Manufacturing in Mexico is picking up as data shows that production is gaining steam in the new year, according to Barrons. Part of the reason is the country offers great offshoring incentives. In fact, while China is beginning to suffer from the increasing price of shipping goods and the cost of paying workers, Mexico is becoming attractive because production is less expensive in the country versus many other nearby places, shipping is easy via land or sea, and moving goods between any of the three North American countries is tariff-free.
"Weakness in China and last month's currency crisis seems to have tipped Russia into recession," said Jason Tuvey, emerging markets economist for Capital Economics, according to Barrons. "Manufacturers in Mexico continue to benefit from strong growth in the U.S., the country's largest trading partner. In contrast, there was a sharp drop in the Emerging Europe PMI to a five-month low … concentrated in the region's largest economy, Russia."
The incentives for building a maquiladora in Mexico
Mexico offers many offshoring advantages over other countries such as Russia or China. For one thing, it is very close to the U.S., and because of the North American Free Trade Agreement, there are no tariffs on goods sent between any of the three countries. In theory, someone could ship products to Mexico, have them partially built there, and then move the goods north to the U.S. where production can be completed and the items would then be sent to different markets as necessary.
"Mexico offers many advantages over other countries such as Russia or China."
A great way to begin building in Mexico is to become part of a maquiladora operation. This is a special factory built on property designated for foreign companies to begin manufacturing products. Those who choose to do this must ship their goods out of Mexico, but the benefits in return include tax incentives and special government assistance.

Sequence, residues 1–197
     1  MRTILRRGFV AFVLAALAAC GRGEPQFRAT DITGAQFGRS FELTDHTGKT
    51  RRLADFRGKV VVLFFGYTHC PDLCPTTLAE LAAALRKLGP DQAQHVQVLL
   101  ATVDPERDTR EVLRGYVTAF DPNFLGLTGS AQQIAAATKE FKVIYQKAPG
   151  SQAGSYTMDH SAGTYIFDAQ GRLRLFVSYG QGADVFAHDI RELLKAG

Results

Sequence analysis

In fact, the Mexican government very much wants U.S. and international companies to build there, as it helps the economy grow. The country's laborers are hard workers, and there isn't much of a union system in place. Much of the relationship between Mexican workers and U.S. factories can be handled very simply with the help of offshore groups. Mexico has provided college education for its citizens and worked with companies to create training programs at local schools where laborers can learn how to operate specialized machinery. Much of the production in Mexico is becoming very advanced. Even products as complex and strictly controlled as medical devices are being built in the country, according to Med Device Online.
Building medical devices in Mexico
Jim Pomager, editor in chief of Med Device Online recently discussed the benefits of manufacturing medical devices in Mexico. He explained the many of the incentives for building in Mexico have to do with the so-called soft costs, such as inexpensive shipping and the ease of transporting goods quickly across the border.
"Sometimes medical device OEMs neglect to factor in all the soft costs," said medical device manufacturing consultant Mark Bonifacio. "They focus on the fact that the vendor in China is charging $1.00 while the one in Mexico is charging $1.10, but if the landed cost from China is really $1.16, it's actually better to get it in Mexico."
Manufacturing in Mexico is becoming a better option for many industries, and those who make the transition can benefit quickly. Remember that offshore sheltering companies can help with this transition by providing counseling and advice about location, government red tape and hiring local workers.